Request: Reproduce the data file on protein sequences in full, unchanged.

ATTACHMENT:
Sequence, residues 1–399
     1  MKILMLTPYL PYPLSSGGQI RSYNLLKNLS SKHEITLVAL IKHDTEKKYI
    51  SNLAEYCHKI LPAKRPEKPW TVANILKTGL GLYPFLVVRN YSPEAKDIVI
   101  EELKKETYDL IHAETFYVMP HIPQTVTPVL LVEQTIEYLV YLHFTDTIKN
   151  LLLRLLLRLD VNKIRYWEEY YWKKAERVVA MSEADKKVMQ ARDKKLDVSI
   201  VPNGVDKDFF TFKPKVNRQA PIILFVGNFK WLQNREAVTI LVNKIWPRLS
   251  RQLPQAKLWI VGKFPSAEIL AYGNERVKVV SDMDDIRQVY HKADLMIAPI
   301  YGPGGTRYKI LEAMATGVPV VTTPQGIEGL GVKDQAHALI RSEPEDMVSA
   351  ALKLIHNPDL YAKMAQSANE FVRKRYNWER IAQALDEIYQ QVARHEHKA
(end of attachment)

Sequence, residues 1–399
     1  MKILMLTPYL PYPLSSGGQI RSYNLLKNLS SKHEITLVAL IKHDTEKKYI
    51  SNLAEYCHKI LPAKRPEKPW TVANILKTGL GLYPFLVVRN YSPEAKDIVI
   101  EELKKETYDL IHAETFYVMP HIPQTVTPVL LVEQTIEYLV YLHFTDTIKN
   151  LLLRLLLRLD VNKIRYWEEY YWKKAERVVA MSEADKKVMQ ARDKKLDVSI
   201  VPNGVDKDFF TFKPKVNRQA PIILFVGNFK WLQNREAVTI LVNKIWPRLS
   251  RQLPQAKLWI VGKFPSAEIL AYGNERVKVV SDMDDIRQVY HKADLMIAPI
   301  YGPGGTRYKI LEAMATGVPV VTTPQGIEGL GVKDQAHALI RSEPEDMVSA
   351  ALKLIHNPDL YAKMAQSANE FVRKRYNWER IAQALDEIYQ QVARHEHKA